• Research and process the information request: Regulatory requests sometimes take detective work with the rest being straightforward requests. Taking the time to quickly assess what type of request and the bandwidth needed to complete and currently available resources is essential to make sure things are completed timely.
  • Respond to the request concisely, timely, and accurately: Being concise helps you provide the information that is requested and respectful of her time. At same time being concise alleviates the potential misunderstanding that may occur with superfluous information. Understand when the request is due and do not wait until the last day to respond — if you have the response ready send it. Most of all you should be providing accurate information. Don’t mess up your reputation with taking shortcuts here.

While this post is meant for audit, regulators, and compliance in mind, these words of advice apply to many other instances such as requests from your boss, the CEO, or even your spouse. Thinking about these three easy steps and following them will help you be more successful in responses to audit, regulators, and compliance.

photo credit: mag3737 via photopin cc


Do not let perfection get in the way of progress


There is always the quality versus quantity mantra we all hear. Almost every leader says they stress quality. But, quality does not mean perfection and most people get caught in this trap. Most highly successful people ensure that progress is being made and do not let perfection get in the way.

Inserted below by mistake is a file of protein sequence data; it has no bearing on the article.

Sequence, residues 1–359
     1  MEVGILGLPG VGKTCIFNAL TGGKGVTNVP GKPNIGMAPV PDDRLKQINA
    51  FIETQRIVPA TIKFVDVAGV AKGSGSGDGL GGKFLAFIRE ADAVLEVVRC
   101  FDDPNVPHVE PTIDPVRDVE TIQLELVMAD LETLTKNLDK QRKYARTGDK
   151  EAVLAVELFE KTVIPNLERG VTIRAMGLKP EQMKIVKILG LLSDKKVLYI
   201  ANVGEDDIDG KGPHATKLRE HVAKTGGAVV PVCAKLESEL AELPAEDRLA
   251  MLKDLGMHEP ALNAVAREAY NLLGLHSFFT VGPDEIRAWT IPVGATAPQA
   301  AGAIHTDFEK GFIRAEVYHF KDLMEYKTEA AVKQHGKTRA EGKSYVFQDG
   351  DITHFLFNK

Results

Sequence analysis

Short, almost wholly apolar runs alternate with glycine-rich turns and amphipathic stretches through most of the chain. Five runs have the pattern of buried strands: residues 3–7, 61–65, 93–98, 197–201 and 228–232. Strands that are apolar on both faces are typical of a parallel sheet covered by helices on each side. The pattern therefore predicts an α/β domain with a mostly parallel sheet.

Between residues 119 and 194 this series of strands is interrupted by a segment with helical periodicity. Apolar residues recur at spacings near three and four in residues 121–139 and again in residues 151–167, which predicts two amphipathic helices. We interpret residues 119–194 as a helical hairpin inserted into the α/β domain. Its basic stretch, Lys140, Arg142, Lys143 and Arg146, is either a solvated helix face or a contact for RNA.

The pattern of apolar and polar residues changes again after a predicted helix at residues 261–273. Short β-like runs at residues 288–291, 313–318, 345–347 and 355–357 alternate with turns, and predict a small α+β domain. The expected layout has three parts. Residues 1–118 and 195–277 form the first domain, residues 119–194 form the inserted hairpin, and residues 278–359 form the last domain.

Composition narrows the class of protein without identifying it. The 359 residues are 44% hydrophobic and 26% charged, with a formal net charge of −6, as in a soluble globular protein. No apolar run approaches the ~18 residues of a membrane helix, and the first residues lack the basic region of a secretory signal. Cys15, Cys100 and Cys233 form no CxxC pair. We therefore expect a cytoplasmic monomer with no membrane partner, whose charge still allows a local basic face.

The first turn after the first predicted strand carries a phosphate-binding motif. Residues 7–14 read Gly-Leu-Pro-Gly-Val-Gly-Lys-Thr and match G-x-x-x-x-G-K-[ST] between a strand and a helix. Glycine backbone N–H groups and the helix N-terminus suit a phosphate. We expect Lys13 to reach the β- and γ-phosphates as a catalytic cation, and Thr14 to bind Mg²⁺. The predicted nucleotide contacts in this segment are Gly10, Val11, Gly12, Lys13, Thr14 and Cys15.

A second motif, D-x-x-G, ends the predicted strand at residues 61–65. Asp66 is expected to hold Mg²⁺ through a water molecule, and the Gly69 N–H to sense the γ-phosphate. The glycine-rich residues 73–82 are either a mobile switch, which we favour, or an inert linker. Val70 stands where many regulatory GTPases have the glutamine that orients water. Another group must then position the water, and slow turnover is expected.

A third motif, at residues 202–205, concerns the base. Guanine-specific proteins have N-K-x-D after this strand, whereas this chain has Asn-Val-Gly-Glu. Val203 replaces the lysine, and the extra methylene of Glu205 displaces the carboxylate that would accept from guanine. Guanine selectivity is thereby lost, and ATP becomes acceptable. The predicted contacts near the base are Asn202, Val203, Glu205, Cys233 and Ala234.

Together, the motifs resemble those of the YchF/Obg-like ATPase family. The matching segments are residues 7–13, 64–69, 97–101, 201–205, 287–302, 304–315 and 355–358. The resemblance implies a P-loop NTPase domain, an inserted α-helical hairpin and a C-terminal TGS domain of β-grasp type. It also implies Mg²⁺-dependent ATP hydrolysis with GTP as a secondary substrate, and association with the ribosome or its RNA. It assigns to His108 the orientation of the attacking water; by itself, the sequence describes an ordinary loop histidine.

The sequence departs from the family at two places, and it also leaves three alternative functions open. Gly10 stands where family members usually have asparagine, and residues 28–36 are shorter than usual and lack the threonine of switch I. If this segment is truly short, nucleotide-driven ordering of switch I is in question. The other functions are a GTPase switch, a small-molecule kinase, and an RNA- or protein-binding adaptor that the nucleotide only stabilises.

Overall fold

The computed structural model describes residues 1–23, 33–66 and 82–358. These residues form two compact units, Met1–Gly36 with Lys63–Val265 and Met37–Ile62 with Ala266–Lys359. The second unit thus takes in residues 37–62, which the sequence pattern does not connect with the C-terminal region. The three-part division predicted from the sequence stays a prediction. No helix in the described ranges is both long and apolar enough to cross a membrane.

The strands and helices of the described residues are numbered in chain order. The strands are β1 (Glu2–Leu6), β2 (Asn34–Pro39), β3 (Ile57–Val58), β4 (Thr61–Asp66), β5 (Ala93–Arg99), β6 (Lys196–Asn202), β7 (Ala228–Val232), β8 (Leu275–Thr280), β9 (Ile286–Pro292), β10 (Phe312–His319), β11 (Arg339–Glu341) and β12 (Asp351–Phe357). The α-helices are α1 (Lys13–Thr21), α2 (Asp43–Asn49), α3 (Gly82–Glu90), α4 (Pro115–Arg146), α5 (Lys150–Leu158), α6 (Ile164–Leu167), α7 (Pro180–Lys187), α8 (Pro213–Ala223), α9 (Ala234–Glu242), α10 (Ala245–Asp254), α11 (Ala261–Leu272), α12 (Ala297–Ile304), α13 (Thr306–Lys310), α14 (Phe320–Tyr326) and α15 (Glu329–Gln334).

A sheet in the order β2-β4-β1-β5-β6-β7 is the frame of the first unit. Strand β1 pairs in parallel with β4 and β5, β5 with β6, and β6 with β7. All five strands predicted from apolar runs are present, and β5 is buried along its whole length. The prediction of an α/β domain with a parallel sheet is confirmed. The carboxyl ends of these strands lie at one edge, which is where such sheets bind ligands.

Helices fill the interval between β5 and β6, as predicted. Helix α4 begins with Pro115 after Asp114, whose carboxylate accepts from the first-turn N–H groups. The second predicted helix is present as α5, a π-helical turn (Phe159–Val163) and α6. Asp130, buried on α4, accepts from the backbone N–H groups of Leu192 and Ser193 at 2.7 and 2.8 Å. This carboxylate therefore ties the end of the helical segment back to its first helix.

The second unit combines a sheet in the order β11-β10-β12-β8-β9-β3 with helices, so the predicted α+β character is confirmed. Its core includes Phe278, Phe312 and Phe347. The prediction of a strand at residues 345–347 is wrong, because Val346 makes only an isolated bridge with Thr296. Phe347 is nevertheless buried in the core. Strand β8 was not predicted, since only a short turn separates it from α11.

I know at this point you are going to say wait how about people like the late Steve Jobs and his relentless pursuit of perfect design at Apple. Certainly there is an argument that Steve Jobs would not tolerate anything but perfection but he also realized that progress mattered also. When Steve Jobs came back to Apple he quickly reduced the number of products to devote resources to ensure desired progress could be made.

Insisting on perfection for everything generally results in a bad return on your investment. In the past big brands would have expensive, perfection-focused marketing campaigns that were completely planned out prior to beginning. Nowadays there is a push on agile marketing for a better return on investment since it is an iterative approach that allows for progress and does not require perfection. Another example is people in the past would ensure that they have perfect emails or letters to communicate with their colleagues and this formality had a cost. Nowadays there is a push to use instant messaging or texting to communicate messages with a push towards making progress. Highly successful people are leaders in identifying what “level of perfection” each situation warrants with the eye towards progress.